Kubernetes is changing the way we manage our infrastructures, even in big traditional companies.
In everis, we are using OpenShift, the "enterprise kubernetes" brand from RedHat and Docker as an enterprise-wide development and continuous delivery platform.
During this talk, I will talk about the path we started two years ago, our successes and our mistakes, on the journey to cloud-based development. we will also have a bit in-depth of the OpenShift tools that make it the perfect CI/CD platform.
During this session, I will explain how we created a data pipeline to store and analyze trillions of domain events produced by microservices. Then, we will discuss how the underlying infrastructure is built in AWS using automation tools like Terraform, Puppet and Jenkins. Also we will talk about the Kafka ecosystem and how we use it together with Cassandra.
At the end of the talk, we will show in a small demo the journey of a domain event passing through this pipeline until it is stored in S3 for further analysis.
With the physical data center we used a Castle & Moat approach based on networking, but in the cloud, we have no clear perimeter and need to take an application-centric approach to security.
This talk examines the areas of vulnerability inside a typical microservice application, areas like authentication and authorization, secrets management, and credential management. We examine these problems from an operational perspective and how we can solve them by leveraging the power of Vault, an open-source tool from HashiCorp.
Although QAs and Devops can be seen as two different roles, the truth is that they have more things in common than we think.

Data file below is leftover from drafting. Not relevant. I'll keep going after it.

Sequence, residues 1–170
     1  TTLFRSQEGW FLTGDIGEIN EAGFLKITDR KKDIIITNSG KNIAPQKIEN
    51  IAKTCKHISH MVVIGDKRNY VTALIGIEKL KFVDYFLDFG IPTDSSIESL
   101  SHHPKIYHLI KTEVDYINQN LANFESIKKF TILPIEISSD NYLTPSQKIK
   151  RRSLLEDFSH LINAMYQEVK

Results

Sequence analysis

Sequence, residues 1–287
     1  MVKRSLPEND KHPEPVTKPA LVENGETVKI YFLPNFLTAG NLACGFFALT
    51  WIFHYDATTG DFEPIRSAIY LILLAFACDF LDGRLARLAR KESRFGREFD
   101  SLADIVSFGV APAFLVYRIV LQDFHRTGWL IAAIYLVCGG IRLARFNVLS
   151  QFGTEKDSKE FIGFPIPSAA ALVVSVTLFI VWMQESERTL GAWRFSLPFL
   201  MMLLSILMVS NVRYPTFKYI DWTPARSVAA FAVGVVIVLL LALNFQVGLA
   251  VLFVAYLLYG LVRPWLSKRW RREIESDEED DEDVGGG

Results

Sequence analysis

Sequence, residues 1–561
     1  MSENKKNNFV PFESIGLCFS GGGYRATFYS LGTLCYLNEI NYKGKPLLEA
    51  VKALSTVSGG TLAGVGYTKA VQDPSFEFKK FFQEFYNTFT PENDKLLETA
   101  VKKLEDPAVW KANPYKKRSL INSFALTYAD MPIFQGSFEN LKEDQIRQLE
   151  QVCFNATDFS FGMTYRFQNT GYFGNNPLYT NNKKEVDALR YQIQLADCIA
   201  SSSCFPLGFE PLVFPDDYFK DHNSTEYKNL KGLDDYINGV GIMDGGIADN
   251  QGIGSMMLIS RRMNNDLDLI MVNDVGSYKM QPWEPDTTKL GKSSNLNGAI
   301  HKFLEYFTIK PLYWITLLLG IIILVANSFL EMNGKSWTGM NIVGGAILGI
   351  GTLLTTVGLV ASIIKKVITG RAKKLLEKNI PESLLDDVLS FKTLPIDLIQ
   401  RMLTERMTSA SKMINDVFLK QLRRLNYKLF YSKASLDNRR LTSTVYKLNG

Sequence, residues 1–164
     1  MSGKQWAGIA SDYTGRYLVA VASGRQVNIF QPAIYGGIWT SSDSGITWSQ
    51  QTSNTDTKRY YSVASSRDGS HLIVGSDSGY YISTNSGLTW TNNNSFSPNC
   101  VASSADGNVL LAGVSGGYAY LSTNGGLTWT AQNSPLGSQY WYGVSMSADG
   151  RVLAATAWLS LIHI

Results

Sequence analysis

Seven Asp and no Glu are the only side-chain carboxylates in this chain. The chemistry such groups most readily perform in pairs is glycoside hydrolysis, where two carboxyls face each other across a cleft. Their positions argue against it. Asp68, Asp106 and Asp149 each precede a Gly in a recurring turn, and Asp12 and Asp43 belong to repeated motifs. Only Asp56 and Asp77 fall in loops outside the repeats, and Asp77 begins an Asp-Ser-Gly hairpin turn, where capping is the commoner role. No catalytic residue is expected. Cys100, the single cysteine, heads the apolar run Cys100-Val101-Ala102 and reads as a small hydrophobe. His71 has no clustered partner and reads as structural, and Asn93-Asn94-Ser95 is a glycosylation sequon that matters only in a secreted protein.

When we are creating the structure of our test suites we need to take into account some practices and tools devops normally use in their daily work. From integrating the test automation with the CI tool to catching bugs as soon as possible to the use of containers to speed up test executions.
In this talk we are going to discover the different tips and tricks that makes QAs and Devops best friends.
As a beginner, finding your place and grasping the idea of DevOps is very much depending on the personal motivation and the environment you work. They did not teach you this in schools.
In this talk, I am going to share my journey. You will see the representation of a story that adopts the DevOps as a mindset rather than people, tools and so on. The talk will be a story-line that is supported by real-world examples such as using the tools, communication in the teams etc. from the experiences of a Junior Engineer’s road-map to DevOps.
We do love technology, don't we? Great infrastructure and tooling take cloud adoption and mobile app development to new heights. By deeply integrating DevOps paradigms into everything, technology makes it easier than ever to build, deploy, and manage software across clouds and on-premises.
The promises of DevOps are not fulfilled by technology alone. Its adoption can only be successful if organizations nail all three aspects of DevOps: People, Process, and Technology.